“Conservatives of all people should be appalled by the disdain shown for tradition, the life of the mind, and the past itself exhibited by Bevin and his fellow Kentucky Republicans. As I write this, among the many volumes forthcoming from the University of Kentucky Press is a 300-page collection of the letters of Russell Kirk, precisely the sort of project that would be ruinous for any mainstream publisher to undertake no matter how many units the latest Kardashian sisters cookbook shifts.”
Does your institution have an institutional repository? If not, should you? Routledge has made some great new scholarship on institutional and subject repositories freely available until September 30, 2016. These articles provide a great look at many of the issues (practical and otherwise) surrounding institutional repositories in higher education.
A nice post by Kathleen Fitzpatrick talking about academic style, citations, and the newest edition of the MLA Handbook.
One of the many ways that libraries help to preserve the memories, documents, and other artifacts that sustain human communities is through preservation. In an increasingly digital world, issues of digital preservation are vital. Here’s one way that several universities are working together to help preserve our collective heritage.
A group of colleges and universities are exploring ways to share expertise and services through a Digital Liberal Arts Exchange (DLAX). The DLAX is currently seeking participants.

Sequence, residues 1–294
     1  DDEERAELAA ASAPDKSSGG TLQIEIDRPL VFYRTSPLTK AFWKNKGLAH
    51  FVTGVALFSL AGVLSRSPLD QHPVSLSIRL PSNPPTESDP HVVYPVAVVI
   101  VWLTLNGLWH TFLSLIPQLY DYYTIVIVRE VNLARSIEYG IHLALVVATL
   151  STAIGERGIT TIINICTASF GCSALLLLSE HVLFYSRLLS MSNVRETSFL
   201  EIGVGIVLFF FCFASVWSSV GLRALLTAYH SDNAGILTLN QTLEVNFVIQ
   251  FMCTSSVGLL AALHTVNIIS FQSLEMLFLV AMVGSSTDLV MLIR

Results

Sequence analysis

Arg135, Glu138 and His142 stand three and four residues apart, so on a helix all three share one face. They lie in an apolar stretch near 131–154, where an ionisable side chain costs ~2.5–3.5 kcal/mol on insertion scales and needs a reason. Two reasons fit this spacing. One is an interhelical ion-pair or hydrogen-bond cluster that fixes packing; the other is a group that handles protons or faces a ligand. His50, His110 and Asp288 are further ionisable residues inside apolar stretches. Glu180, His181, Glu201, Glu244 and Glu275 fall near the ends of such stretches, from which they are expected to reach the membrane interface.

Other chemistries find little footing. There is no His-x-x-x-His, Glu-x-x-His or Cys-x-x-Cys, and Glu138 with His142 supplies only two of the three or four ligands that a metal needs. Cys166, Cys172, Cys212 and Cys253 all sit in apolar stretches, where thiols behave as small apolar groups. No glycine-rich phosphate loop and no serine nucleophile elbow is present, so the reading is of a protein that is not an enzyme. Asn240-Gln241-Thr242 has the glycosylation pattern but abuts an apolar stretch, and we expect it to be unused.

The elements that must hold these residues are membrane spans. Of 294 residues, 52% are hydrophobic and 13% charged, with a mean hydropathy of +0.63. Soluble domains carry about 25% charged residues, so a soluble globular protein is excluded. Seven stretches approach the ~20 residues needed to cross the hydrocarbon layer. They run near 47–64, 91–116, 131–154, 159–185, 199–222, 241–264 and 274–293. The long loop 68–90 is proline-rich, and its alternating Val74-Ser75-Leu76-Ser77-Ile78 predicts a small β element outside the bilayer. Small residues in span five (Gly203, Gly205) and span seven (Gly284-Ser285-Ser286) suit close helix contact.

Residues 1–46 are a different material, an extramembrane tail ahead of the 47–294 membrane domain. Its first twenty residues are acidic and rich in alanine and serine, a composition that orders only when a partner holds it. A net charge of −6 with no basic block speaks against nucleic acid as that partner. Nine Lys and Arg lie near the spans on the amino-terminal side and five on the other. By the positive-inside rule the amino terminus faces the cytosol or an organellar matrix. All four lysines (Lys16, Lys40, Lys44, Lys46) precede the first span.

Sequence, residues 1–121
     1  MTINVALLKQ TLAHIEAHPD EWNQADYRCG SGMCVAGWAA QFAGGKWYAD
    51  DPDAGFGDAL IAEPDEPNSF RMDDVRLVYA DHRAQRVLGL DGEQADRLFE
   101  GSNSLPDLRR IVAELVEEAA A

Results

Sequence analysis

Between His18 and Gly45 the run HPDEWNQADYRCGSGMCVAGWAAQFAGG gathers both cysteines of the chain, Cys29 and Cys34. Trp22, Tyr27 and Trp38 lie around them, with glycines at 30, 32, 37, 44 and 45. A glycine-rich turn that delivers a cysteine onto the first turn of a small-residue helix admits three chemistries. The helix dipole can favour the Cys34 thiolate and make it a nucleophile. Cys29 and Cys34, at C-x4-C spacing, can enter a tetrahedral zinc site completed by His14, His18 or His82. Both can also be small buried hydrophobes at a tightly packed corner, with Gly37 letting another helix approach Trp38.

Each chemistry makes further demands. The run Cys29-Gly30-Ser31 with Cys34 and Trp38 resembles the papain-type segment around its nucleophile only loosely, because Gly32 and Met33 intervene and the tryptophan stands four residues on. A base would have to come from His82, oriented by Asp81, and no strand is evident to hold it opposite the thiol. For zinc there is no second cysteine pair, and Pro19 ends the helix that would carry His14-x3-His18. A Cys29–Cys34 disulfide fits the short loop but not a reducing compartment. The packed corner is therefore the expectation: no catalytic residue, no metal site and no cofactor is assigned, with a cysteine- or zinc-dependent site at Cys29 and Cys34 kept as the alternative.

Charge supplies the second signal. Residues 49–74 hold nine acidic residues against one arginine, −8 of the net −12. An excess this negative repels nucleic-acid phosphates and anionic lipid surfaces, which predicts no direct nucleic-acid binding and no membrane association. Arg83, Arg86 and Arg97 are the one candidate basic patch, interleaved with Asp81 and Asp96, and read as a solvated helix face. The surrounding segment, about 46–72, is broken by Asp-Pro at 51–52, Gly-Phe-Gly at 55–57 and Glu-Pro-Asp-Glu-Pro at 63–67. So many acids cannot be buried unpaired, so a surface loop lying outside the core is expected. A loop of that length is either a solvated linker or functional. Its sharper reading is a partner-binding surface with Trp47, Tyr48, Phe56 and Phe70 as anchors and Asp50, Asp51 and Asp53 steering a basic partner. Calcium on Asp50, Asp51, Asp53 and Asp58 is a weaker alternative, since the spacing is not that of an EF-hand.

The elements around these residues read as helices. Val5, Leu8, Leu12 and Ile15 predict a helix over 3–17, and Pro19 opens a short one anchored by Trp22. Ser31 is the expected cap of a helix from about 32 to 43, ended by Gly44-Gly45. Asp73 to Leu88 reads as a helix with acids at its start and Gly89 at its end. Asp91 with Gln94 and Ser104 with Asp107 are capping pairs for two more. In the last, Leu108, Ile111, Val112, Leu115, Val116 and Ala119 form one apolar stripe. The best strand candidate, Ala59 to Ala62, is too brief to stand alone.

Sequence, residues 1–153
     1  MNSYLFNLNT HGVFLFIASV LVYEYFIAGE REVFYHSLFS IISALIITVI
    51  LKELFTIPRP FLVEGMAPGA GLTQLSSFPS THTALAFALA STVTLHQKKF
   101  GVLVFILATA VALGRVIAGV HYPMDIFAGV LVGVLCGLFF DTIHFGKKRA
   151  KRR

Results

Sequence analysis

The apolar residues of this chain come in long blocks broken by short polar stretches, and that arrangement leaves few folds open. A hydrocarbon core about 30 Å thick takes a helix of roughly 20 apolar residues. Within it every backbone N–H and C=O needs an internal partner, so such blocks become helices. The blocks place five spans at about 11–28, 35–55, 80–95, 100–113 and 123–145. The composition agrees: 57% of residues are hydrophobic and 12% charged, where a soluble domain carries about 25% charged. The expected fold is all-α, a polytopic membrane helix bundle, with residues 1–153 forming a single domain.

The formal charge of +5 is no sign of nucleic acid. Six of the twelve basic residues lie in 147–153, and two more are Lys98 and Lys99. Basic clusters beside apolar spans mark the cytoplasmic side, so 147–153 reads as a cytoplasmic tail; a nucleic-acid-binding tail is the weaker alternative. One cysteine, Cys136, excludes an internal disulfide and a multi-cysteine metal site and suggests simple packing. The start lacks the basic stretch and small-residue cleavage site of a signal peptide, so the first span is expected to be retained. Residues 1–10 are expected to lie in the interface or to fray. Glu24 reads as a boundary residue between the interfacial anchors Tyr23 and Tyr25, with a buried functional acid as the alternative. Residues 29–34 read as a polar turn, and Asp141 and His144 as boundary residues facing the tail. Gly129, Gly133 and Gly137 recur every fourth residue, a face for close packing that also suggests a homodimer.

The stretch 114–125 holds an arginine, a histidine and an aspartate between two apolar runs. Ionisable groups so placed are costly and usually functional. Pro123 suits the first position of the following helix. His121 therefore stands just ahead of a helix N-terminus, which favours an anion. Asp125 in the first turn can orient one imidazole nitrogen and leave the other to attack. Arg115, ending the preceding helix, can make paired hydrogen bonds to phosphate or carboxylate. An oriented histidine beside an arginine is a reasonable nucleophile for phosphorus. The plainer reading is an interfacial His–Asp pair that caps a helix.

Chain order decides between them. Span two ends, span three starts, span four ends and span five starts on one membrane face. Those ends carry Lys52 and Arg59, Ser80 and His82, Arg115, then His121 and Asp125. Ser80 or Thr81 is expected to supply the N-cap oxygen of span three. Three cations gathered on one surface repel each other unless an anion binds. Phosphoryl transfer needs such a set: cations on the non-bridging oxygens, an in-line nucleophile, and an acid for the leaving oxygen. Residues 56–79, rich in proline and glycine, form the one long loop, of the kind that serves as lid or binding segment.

Image credit to M C Morgan (flickr.com/photos/mcmorgan/6980770408)
Under new direction, the Libraries and the Press are revisiting their own missions and core values, and have converged in part around the principle of adaptability. Namely, both organizations share the aims to actively engage in the changing technologies, practices and policies around creating and sharing information; embrace an entrepreneurial ethos that welcomes thoughtful risk taking and is not afraid to learn from failures; and adapt continually to the changing needs of the communities they serve…Read the rest.
In any profession, as in life, rejection will come. How we handle rejection is important, and Quetzalli Barrientos shares some great thoughts on how to handle professional rejection on a reject ACRLlog post.
Here’s a snippet:
“Rejection comes in many forms, but the rejection that I am talking about is the type you get in this profession. Rejection of a proposal, job-position, book chapter, grant, or article. As a first-year academic librarian, the first year (so far) has been great, stressful, and eye-opening. I would not trade this for the world, but that also means accepting what comes with it.” Read the rest here.